Though I intend this to be a general thread about ideas, I have to address you in particular because you seem to have a particular idea that no one else here has.
Since you agree that we have different views on "the Nazarene Christians", I'd like to know what your views are. What are they? What do they believe? Where do they come from? What's their history?
It seems to me that "Nazarenes" was one term among several used for Christians in the NT (cf. Acts 24.5), but got attached to those in the Middle East (I think it is/was used by Jews and Muslims), and very early on that name was also associated with the original Christian community in India. To this day, the Syrian Christians there are referred to as "Nasranis" as opposed to those Christians born from the missionary efforts of RC's and Protestants. Despite internal divisions which occurred after RC and Protestant influence, all these Nasranis are united by the Syriac heritage, and their divisions do not really pre-date arrival of the Portuguese colonists on Indian shores. We can be certain of their beliefs, their origins, their identity and history. Unless the Middle Eastern Churches (Antioch, Jerusalem, perhaps Alexandria) also use this term for themselves, I'm unaware of any group with a historic claim to this term and a historic continuity other than the Syrian Christians of India. "Nazarene Christians" never disappeared: we've always been here.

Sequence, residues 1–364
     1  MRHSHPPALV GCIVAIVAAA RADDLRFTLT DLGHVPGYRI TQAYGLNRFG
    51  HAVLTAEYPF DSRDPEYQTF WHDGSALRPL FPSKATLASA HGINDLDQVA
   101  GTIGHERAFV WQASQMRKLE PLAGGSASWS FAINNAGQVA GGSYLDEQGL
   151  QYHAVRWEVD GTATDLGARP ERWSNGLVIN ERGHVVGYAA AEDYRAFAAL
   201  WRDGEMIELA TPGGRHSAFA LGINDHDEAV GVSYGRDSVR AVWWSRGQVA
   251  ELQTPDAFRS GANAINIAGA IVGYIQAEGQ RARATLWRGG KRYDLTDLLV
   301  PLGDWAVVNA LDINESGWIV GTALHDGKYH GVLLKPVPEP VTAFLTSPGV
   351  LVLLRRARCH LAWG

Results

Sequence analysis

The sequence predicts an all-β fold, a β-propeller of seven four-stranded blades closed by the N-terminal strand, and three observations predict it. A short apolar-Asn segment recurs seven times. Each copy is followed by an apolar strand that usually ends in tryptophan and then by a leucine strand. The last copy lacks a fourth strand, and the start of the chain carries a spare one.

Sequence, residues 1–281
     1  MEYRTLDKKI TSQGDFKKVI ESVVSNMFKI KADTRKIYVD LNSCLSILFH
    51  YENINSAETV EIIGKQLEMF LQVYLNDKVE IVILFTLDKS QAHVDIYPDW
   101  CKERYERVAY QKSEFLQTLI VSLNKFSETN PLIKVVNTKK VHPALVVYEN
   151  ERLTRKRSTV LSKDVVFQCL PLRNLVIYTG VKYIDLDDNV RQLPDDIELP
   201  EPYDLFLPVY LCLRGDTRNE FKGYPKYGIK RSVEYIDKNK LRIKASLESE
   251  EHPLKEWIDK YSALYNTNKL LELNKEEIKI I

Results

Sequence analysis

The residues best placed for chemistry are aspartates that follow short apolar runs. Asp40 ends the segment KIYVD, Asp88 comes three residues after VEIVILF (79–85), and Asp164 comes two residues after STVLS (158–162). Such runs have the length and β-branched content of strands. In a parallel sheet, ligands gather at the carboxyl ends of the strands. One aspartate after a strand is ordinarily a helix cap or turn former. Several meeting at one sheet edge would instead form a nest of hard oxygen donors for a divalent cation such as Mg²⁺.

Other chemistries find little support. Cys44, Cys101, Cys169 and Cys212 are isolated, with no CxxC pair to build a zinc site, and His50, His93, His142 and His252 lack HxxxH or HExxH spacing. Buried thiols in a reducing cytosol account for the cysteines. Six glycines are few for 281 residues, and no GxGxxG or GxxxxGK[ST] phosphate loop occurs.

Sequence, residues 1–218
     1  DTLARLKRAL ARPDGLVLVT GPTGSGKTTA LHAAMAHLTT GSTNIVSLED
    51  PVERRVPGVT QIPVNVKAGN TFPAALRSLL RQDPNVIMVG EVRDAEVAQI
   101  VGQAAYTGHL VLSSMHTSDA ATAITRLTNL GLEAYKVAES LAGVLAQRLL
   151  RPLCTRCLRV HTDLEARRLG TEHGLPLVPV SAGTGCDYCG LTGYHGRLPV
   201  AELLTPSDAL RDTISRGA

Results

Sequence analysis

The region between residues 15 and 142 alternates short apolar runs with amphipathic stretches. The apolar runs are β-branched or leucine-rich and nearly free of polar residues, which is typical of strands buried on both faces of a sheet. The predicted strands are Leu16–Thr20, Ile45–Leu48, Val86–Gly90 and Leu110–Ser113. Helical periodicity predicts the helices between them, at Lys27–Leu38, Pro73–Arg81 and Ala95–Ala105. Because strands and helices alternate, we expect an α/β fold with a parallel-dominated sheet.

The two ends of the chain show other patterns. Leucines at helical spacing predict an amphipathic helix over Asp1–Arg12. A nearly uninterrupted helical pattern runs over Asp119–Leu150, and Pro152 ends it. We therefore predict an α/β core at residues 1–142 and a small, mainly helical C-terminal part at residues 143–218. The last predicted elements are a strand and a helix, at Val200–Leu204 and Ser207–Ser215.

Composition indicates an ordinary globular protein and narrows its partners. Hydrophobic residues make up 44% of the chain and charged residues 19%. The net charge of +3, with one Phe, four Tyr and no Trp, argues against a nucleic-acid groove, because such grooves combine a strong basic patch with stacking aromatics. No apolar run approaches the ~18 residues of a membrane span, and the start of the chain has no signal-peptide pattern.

So I'm curious what you think "Nazarene Christians" are. I found references online to various groups of recent origin referring to themselves as Nazarenes, "heretical" groups from the fourth century, etc., but I don't want to presume this is what you're talking about. None of these groups seems to have anything in common with historical groups like the Nasranis of India, who have an unbroken history and lineage going back to the first century, increasingly confirmed by archaeology and scholarly disciplines.